When I studied voice there was no discussion about what I wanted to study, nor did I ask. My teacher invited me to join her studio after hearing me in a performance, she taught, and I sang. I never questioned the style she was teaching me, the technique, nor the direction we were headed. I just sang.

I too invite students to join my studio whom I believe have great talent by writing them a note and inviting them to come sing with, me as my first teacher did for me. I then invite them for a “preview lesson” to see how we gel together, and then we move forward. However, I differ from my first teacher in that I begin by asking each student what they want out of their lessons, and where they want to go with their voice and their music. [···]

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I have been a member of NATS (National Association of Teachers of Singing) member for years and always enjoyed our meetings.  On a friend’s recommendation, I joined MTNA (Music Teachers National Association) last fall, but this past week was the first time I was able to attend a local meeting (PMTA – Phoenix Music Teachers Association).  It was a joy to meet with teachers (even though they were mostly piano teachers, and I’m a voice teacher).  We talked business, and then we had a presentation on “Encounter Resistance In Our Teaching,” by nationally certified piano teacher Shellie Ruge.

Shellie gave us a fabulous presentation, including many clips from “The Karate Kid.”  She raised several points; the biggest for me was that RESISTANCE IS A TWO-WAY STREET.  If a student is not progressing, is wasting time in lessons, shows up late, if the parents are not paying on time, PART of the responsibility is ours as a teacher.  We need to investigate OUR part of the equation and see what we can do about it.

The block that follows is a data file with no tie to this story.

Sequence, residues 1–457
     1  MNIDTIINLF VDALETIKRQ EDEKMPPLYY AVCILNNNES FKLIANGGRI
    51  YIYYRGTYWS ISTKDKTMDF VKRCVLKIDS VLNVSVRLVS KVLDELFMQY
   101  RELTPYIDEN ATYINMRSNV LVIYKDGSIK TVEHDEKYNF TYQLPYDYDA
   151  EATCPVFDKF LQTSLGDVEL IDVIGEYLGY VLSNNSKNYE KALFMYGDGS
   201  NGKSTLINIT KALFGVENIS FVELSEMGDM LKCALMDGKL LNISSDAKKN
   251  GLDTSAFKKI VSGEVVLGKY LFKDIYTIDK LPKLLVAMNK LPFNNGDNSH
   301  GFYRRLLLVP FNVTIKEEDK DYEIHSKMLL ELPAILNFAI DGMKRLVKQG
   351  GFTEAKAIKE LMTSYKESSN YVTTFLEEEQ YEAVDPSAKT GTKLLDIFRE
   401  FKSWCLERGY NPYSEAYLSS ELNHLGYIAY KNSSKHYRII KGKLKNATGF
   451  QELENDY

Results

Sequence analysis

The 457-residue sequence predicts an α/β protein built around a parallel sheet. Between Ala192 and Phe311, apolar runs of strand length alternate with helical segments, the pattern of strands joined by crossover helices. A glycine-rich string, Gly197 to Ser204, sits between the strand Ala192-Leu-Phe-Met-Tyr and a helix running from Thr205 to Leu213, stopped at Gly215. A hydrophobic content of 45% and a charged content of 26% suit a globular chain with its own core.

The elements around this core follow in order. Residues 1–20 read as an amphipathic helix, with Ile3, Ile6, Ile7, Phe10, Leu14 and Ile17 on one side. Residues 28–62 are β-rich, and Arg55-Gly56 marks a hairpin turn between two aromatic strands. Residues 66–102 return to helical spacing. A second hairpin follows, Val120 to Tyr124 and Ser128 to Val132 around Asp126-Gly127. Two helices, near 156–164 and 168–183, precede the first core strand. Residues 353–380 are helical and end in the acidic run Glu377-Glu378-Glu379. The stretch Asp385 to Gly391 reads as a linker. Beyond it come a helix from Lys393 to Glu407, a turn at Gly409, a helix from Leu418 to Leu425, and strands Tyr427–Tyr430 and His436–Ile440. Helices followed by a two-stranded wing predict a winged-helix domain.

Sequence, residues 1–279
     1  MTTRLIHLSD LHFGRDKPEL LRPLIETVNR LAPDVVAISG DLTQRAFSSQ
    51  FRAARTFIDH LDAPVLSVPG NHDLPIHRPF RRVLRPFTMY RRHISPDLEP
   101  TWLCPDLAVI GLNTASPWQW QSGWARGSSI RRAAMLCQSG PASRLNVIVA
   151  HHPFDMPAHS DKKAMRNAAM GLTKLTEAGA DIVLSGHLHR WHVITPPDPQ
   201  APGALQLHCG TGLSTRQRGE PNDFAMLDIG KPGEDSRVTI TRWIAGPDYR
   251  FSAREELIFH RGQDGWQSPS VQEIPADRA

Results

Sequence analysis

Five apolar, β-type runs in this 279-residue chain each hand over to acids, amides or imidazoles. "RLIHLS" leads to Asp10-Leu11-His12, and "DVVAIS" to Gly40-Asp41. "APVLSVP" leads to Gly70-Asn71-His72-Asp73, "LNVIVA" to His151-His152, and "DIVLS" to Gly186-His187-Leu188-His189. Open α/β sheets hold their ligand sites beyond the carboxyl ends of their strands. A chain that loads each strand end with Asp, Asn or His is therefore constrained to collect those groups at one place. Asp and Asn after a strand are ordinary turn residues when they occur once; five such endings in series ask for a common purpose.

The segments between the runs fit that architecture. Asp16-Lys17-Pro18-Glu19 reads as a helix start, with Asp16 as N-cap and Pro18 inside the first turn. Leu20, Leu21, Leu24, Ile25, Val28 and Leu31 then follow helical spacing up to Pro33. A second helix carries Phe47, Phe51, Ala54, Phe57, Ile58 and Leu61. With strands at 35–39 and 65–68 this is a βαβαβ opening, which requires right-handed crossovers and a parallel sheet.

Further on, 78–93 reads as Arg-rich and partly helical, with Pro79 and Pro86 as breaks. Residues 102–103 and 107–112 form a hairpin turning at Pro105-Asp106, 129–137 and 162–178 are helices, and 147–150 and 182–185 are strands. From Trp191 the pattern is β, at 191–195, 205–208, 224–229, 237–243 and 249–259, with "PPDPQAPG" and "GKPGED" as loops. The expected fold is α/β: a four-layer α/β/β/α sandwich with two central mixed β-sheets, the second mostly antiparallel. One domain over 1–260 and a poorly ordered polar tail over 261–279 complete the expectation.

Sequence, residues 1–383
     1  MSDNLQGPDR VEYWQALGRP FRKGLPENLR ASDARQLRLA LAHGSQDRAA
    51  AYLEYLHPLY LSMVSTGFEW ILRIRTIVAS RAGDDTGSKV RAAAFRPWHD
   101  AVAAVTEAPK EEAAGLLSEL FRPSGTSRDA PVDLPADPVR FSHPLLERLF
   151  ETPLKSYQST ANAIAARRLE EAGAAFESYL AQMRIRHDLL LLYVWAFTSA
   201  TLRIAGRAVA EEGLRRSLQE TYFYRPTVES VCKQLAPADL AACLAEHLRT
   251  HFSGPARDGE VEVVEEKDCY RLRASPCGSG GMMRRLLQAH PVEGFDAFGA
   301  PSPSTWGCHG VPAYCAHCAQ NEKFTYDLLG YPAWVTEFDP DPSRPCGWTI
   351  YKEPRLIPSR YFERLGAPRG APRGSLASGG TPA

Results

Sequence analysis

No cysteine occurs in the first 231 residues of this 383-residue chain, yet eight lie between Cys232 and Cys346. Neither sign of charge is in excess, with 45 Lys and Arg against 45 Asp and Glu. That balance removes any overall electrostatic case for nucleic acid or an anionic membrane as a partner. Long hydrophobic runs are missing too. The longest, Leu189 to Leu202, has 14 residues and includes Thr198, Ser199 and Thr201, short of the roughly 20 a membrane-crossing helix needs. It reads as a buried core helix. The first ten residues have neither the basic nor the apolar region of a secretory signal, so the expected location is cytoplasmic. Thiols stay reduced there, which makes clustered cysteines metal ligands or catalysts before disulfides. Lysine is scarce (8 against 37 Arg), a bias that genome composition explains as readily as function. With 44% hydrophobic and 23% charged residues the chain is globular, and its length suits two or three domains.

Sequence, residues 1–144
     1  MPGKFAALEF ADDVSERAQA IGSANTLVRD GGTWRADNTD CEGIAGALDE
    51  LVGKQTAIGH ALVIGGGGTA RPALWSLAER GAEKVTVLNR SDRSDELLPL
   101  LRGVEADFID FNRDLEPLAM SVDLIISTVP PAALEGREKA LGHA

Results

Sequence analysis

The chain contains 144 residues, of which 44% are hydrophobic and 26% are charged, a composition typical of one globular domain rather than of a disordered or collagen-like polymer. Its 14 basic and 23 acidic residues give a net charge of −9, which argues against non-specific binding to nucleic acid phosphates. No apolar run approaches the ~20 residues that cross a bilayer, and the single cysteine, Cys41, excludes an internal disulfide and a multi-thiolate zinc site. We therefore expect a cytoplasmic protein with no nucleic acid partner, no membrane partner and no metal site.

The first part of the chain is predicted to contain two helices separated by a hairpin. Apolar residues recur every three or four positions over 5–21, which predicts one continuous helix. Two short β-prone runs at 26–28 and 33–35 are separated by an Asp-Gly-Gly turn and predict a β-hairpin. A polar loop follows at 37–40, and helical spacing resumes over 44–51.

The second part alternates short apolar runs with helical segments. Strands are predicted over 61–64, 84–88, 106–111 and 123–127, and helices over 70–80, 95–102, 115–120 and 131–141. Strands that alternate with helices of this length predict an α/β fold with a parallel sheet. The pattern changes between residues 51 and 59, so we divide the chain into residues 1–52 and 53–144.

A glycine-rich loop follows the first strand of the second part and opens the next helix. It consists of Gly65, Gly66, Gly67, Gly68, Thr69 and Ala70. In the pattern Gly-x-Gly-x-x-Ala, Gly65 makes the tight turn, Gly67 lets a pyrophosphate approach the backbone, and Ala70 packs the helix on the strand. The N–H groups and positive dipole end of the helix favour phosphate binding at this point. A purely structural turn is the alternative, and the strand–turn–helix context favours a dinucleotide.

As a result of this challenge, I have spent time in the two weeks since talking with my students about THEIR goals for lessons, both short- and long-term.  I’ve worked together with almost all of my students in the time since, with great results.  Students are invested in their lessons and almost all have signed up for the Spring Recital next month – the few who cannot attend have legitimate scheduling conflicts.  I am also having students sign up for summer lessons at a greater rate than I had expected.

I have had one student who I challenged to sing more and better who have stepped up their resistance – coming late to lessons and then canceling late, as well.  These students who don’t want to be there, we need, as teachers, to figure out WHY they are resisting.  What is their reason? Are they scared to sing? What are they avoiding when all they want to do is talk?  What can I do as a teacher to best use the lesson?  Often, my seniors in high school need what I call (to myself) “counseling sessions.” What do I do when EVERY lesson turns into a session?  I am allowing this to happen, so I need to redirect myself, and be very conscious of how I enable resistance in my students. [···]

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AN ONGOING CONCERN for many independent music teachers is the change of commitment level of students during the summer months. While some teachers enjoy the usually lightened studio schedule during the summer months, most of us depend on our teaching as our livelihood and have bills that do not go away during this time. I would love to hear your ideas, especially those of you that have been successful at insuring yourselves regular employment year long!

ESTABLISHING A SUMMER REQUIREMENT (a minimum number of lessons, with the option of replacing some private lessons with one of the various summer workshops), has been most helpful for me in keeping things going in my studio.  Though I  cannot really make anyone take classes, the ones that do are assured their slot, or first choice of times in my schedule when the school year comes back around.  My students and parents seem to really enjoy the flexibility with having a couple of options for summer lessons and a variety of supplemental classes.   [···]

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